Two Irishmen walk into a pub. OK, I won’t bore you with that one, but I feel compelled to proudly wear the green today.
I donned my favorite kelly green long-sleeved fleece shirt and buttoned it up to the neck for inspiration as I write this “Little” bit of blarney. Kaye quickly remarked that I had used all the wrong button holes.
Lest you think I’m claiming to have 100-percent Irish blood coursing through my veins, I desist. At the age of 4, I memorized the melting pot that is my heritage, and it goes like this: French, Irish, Scottish, English, Dutch, German and Indian. I would now refer to the latter as Native American.
French was first because my middle name is Requa. My mother’s paternal roots in this country date back to 1697 when three Requa brothers came to America, and one of them settled in what is now Sleepy Hollow, near Tarrytown, N.Y. In 1997, Requas from far and wide gathered there to celebrate their tercentennial reunion. It was a fabulous weekend, as we toured the original Requa home site, walked past ancient Requa graves in the Sleepy Hollow Cemetery and participated in a wonderful Sunday service held in the charming Old Dutch Reform church. The New York Times made it a front-page spread. When we got home, I wrote my impressions of the event and recorded them with music on audio cassettes, distributed to many of the attendees.
The oldest Requa present was Aunt Eloise, my mother’s sister. The youngest was a tiny baby, whom I think was from Requa, Calif. I have recently renewed correspondence with Eloise’s daughter (my first cousin), Gloria. She was 92 on March 5 and still drives her car.
So much for the distaff side of the family. With the surname Little, there has to be a goodly number of genes from the old sod as well as from Scotland. Growing up, I was told very little about the Littles. You’re fortunate if you knew all your grandparents. Mine all left this earth when I was very young; but I recall a giant of a red-headed Irishman visiting our house in Thornwood, N.Y., when I was about 5. He was my dad’s father. I saw him only once before he died.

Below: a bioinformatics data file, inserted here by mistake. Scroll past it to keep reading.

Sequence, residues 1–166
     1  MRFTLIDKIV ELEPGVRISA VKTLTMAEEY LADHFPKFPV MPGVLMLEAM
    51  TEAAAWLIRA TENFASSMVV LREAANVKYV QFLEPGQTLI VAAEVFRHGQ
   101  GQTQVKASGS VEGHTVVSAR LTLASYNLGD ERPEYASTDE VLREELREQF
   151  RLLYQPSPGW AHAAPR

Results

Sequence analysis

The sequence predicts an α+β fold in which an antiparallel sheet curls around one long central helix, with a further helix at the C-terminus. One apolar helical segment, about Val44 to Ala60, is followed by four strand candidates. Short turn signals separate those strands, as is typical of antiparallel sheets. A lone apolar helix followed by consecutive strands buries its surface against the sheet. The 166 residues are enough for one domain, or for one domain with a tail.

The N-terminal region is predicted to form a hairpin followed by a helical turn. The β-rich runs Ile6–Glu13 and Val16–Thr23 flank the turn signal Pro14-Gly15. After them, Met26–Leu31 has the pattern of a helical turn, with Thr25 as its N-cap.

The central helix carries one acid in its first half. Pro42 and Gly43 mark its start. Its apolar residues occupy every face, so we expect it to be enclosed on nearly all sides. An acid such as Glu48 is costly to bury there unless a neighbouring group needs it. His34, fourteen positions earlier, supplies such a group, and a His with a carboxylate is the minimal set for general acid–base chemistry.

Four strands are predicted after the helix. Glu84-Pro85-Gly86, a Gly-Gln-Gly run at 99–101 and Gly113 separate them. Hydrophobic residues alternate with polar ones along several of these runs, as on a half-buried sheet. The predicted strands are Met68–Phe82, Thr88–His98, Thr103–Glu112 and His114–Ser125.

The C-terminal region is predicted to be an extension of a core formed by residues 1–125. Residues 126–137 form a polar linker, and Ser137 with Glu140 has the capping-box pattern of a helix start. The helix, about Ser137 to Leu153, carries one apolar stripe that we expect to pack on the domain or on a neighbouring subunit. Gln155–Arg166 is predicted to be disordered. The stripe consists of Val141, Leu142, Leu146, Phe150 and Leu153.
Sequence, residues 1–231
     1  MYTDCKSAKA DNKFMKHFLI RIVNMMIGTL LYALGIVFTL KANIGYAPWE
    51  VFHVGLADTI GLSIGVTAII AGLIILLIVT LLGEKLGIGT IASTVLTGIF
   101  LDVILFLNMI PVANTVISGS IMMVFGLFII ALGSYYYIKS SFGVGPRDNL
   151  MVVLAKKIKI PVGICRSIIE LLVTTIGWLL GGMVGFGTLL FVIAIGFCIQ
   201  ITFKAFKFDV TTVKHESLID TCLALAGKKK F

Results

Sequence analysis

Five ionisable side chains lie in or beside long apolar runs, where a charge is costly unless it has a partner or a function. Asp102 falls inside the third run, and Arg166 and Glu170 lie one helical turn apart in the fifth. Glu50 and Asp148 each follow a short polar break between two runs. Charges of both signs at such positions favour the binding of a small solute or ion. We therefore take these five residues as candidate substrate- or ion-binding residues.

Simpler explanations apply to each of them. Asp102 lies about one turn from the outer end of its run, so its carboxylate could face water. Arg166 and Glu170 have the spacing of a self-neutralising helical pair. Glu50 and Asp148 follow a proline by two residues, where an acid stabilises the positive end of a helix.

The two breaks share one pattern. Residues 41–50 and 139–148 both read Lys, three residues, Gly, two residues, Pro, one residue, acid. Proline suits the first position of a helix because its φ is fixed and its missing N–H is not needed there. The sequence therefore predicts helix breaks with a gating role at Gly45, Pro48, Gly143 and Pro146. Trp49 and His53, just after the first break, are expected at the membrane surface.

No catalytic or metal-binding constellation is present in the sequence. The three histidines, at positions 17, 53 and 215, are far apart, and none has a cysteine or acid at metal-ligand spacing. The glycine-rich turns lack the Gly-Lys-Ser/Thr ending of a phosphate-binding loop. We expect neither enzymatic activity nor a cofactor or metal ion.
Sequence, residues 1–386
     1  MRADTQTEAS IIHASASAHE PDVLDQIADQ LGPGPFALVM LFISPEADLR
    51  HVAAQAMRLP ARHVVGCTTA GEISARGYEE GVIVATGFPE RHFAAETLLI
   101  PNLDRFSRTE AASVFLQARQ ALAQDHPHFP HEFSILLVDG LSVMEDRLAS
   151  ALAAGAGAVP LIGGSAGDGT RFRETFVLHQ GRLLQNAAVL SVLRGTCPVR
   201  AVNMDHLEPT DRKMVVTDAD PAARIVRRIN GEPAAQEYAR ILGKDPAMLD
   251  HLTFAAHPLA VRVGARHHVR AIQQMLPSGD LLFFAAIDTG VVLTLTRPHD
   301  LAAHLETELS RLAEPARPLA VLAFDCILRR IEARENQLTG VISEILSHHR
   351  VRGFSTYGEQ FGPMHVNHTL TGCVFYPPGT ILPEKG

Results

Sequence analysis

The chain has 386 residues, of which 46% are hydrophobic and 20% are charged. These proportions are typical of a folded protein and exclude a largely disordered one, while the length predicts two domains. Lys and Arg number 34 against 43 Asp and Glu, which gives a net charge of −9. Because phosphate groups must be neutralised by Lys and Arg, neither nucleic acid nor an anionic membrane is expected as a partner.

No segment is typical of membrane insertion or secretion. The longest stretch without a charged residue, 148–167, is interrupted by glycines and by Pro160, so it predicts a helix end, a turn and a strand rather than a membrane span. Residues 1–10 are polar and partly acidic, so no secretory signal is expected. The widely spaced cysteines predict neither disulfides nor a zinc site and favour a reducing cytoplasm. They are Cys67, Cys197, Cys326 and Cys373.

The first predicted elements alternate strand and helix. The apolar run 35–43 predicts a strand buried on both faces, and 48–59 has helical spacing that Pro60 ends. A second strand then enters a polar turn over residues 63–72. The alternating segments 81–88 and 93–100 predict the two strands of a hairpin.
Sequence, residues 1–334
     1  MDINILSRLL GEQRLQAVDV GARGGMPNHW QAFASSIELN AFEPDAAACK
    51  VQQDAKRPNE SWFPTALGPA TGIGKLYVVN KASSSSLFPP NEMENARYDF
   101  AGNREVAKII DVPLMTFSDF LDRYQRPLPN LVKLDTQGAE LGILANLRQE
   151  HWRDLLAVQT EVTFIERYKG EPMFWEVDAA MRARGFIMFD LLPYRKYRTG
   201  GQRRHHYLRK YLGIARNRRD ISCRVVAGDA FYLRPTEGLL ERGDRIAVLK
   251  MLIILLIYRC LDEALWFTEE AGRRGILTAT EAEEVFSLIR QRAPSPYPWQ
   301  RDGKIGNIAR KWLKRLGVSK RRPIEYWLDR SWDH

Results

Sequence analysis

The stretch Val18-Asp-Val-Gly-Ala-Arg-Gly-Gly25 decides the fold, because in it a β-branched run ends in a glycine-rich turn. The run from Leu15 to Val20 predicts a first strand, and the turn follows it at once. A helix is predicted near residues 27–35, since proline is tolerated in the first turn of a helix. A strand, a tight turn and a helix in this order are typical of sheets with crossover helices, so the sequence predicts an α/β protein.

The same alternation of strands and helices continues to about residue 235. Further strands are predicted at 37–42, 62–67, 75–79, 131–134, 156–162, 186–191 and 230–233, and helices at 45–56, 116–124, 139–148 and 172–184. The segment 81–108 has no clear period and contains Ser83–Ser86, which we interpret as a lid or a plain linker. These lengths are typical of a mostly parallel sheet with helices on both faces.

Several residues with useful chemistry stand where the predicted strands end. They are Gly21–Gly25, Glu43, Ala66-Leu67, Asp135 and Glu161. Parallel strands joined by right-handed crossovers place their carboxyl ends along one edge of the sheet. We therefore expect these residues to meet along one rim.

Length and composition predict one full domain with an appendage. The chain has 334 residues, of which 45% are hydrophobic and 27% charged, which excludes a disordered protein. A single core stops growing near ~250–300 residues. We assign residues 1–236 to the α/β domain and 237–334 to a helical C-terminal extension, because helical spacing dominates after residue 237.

After almost six decades, I began a search and, with the help of many friends familiar with genealogy, I was able to trace my paternal ancestors back to Letterkenny, now the largest and most populated town in County Donegal, Ireland. During the horrible potato famine in 1848, the man of the house gathered up a young son and daughter and boarded what we now call a “coffin” ship in Derry, bound for America. They landed in Philadelphia and eventually made their way to Rochester, N.Y. My dad, the late Russell E. Little, was born in nearby Victor, in 1907.
During a trip to Ireland with our daughter-in-law Judy Connell Baker several years ago, we enjoyed a walking tour around Derry. As we stood looking at the water, I told our guide I always longed to stand on the spot where my ancestors got onto the ship all those years ago. He asked where we were spending the night, and I pointed to a hotel across the street. He smiled broadly and said, “You’re in luck. That’s the exact spot where they boarded.” Talk about goose bumps!
I’ve never had an opportunity to trace the Littles back to Scotland, but Kaye and I went there with our son Gordie and his wife, Lisa. I thought I’d look for “Little” references in the old church books with thousands of names. Imagine my surprise to find that our surname was very common, but without professional help, I could never make the specific connections.
When I moved to Plattsburgh in 1961 to begin a long radio career, the Mannix family soon embraced me and always gave me a warm Irish welcome anytime I crossed their doorstep. Their St. Patrick’s Day parties were legendary and as fresh in my memory as if they happened today. I won’t say we always sang on key, but at least we sang with Irish enthusiasm.
Enjoy every minute of this special day and please, drive carefully.
Gordie Little was for many years a well-known radio personality in the North Country and now hosts the “Our Little Corner” television program for Home Town Cable. Anyone with comments for him may send them to the newspaper or email him at firstname.lastname@example.org.